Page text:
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No Fixed Abode, Home Counties, United Kingdom
I’m a 51-year-old Aspergic CAD-Monkey. Sardonic, cynical and with the political leanings of a social reformer, I’m also a toy and model figure collector, particularly interested in the history of plastics and plastic toys. Other interests are history, current affairs, modern art, and architecture, gardening and natural history. I love plain chocolate, fireworks and trees but I don’t hug them, I do hug kittens. I hate ignorance, when it can be avoided, so I hate the 'educational' establishment and pity the millions they’ve failed with teaching-to-test and rote 'learning' and I hate the short-sighted stupidity of the entire ruling/industrial elite, with their planet destroying fascism and added “buy-one-get-one-free”. I also have no time for fools and little time for the false crap we're all supposed to pretend we haven't noticed, or the games we're supposed to play.

Thursday, February 25, 2010

B is for Banner, Bergan, Beton (in alphabetical order!)

The order is practically reversed alphabetically in that Beton, the trade mark of Bergan was bought by Banner! Having won a few late - ethylene - production Beton (Bergan Toy & Novelty company) 60mm figures I thought it would make sense to photograph them with their trucks. From top of helmet to underside of base they're actually 70mm.

Having only the older edition of O'Brians book, I'm not sure if another version of this - approximately 1:48th scale - truck exists, as he only has the same two body-types (page 252 - 1988 ed.), yet I have a vague memory of one other, similar to the Pyro/Kleeware ones, i.e. with smaller scale hard-plastic (styrene) sitting figures, the cab being completely different on the other makes.

Certainly the truck bed has little square holes cut for 6 'somethings' on the benches (three each side) and another 2 on the tailgate/step. However this moulding was used for civilian toys in brighter colours, and the holes might have been for milk churns, a wrecker-truck superstructure or something similar?

The Banner Staff Car, marked clearly (inset) on the bonnet (Hood) in the manner of US military vehicles of WWII through to the 60's or later. The scale of this is greater than the trucks at around 1:35, while its wheels are ridiculously small.

I don't know the make represented (any more than I do the trucks or final photo!), but it's what the Americans called a Woodie, and we named a Shooting Break, the Americans a Station Wagon and we an Estate Car. What they actually were is best described as an non-aerodynamic brick!

We had Morris Travellers when I was a kid, and they hit the air ahead of them like a turd hits a pond, while on the motorway the rear turbulence caused the fuel-gauge needle to drop in front of your eyes!

The figures, the best explanations of the history of these figures are probably O'Brians books, however Kent Sprecher's toysoldierhq has a good guide as well. Suffice to say they started life in Cellulose Acetate in approximately 1938, and went through various incarnations with/without separate bases, and have been copied/licenced/supplied to/by a dozen or so other concerns.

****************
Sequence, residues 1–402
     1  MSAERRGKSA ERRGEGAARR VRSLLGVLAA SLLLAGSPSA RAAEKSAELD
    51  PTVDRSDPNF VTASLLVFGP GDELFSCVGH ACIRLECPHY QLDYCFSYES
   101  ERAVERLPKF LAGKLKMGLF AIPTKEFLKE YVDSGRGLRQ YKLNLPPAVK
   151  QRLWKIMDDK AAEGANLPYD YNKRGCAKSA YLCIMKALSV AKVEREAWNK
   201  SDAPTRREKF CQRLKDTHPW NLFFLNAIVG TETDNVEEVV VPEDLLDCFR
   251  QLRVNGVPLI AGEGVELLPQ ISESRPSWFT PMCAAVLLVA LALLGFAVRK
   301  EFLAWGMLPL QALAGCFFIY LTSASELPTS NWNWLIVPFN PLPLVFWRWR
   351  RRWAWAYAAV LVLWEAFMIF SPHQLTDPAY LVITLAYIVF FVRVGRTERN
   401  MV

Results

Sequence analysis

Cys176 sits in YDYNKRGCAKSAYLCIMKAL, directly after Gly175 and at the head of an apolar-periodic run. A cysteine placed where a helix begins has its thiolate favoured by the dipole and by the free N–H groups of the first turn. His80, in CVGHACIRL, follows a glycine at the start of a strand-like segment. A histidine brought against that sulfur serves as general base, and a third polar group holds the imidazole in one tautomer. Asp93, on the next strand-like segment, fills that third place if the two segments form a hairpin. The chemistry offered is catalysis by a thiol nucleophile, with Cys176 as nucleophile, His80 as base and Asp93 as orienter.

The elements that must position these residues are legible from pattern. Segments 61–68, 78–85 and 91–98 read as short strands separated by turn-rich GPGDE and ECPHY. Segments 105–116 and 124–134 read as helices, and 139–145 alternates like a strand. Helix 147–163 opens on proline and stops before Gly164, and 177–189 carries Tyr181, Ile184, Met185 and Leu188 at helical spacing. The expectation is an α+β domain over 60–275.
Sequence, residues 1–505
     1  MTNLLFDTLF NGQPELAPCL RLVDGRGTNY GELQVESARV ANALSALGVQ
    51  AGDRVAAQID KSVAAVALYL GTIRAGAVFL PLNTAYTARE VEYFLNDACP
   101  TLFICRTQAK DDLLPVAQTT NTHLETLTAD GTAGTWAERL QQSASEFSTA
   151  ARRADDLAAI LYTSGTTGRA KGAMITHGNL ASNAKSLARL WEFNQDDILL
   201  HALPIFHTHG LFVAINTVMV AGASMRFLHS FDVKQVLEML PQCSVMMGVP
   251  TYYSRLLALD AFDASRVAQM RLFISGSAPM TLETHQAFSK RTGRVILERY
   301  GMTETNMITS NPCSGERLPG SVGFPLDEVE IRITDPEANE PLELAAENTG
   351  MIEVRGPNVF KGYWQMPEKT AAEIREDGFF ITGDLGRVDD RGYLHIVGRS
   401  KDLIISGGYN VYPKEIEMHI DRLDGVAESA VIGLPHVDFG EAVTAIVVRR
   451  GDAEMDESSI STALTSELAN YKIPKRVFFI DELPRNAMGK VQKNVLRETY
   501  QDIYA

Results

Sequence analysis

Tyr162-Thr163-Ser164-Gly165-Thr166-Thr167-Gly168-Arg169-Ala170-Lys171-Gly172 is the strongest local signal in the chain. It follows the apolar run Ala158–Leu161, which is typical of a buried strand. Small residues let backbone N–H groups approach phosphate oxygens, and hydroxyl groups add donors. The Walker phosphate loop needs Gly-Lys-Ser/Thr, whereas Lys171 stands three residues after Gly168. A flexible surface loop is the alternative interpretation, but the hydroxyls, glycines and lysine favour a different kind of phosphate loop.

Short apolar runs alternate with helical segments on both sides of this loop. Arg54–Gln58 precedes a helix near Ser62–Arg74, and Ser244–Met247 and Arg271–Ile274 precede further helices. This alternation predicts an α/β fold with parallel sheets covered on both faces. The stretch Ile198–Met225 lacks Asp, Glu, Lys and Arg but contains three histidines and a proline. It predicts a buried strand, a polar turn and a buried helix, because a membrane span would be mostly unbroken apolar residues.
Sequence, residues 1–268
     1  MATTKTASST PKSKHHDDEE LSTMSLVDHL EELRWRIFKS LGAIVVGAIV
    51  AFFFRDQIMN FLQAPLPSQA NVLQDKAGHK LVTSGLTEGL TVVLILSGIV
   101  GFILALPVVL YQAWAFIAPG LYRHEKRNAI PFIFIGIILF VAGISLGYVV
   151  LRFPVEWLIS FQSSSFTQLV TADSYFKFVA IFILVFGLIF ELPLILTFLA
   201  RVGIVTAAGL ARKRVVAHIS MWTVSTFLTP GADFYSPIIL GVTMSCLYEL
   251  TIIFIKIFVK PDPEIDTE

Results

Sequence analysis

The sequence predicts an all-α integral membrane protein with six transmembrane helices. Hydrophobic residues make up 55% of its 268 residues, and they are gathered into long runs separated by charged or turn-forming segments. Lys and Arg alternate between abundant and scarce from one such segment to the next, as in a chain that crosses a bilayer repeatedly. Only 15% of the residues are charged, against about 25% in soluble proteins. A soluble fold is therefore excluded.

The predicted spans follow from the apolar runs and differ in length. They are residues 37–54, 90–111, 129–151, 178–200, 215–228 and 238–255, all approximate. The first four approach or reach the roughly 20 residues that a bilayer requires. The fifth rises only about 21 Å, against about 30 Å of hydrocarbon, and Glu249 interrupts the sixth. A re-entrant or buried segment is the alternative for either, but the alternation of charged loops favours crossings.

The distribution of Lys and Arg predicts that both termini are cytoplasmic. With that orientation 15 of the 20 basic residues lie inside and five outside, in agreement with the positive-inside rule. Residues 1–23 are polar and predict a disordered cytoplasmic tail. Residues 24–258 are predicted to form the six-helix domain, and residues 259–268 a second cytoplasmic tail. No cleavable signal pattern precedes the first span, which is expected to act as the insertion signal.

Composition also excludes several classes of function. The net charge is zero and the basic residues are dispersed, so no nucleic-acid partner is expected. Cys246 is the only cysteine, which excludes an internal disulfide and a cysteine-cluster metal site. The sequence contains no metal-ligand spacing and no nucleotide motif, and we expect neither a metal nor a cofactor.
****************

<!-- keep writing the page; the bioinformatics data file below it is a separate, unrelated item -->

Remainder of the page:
These are the commonest form, softish polyethylene, with the clearly visible BT mark (inset) of 'Bergan Toys' in a disc'ed indentation on the underside of the base, note the one on the far left has suffered from the release of an oily-powdered residue in the same manor as a lot of Matchbox Production, particularly the brown ones (British Inf., DAK, and 8th Army). There are more poses than shown here, and I'm after the kneeling MG gunner for starters!

Interestingly, the Paratrooper betrays his later addition to the range by having a nicely moulded M1 helmet, rather than the generic bone-dome/dime-store design of the older moulds. The marching figures - to be fair - also have a better helmet design (rifle, telephone, bazooka and flag), while early acetate mouldings have the British Mark 1 'piss-pot', called a 'Brodie' or M1917 in the States.

Finally and closer to HO scale is this Grader/scraper/leveller, I believe it can be found in the 'Army' green, but I only have a silver one! Notable here are the rubber wheels; Banner also made a gun similar to the one issued by Merit over here and Auburn (among others) in the USA, but they both used hard wheels, while the Banner one used the same wheels as this road builder.

O'Brian reports that Banner were sold to Rel around 1958, but Rel (Plasco - Plastic Art Corporation) only made Wild West stuff, so presumably either ONLY bought the intellectual property rights, OR sold/scraped the moulds. Selling the molds would explain why some Beton copies are both as good as the originals, and of 'younger' plastic?

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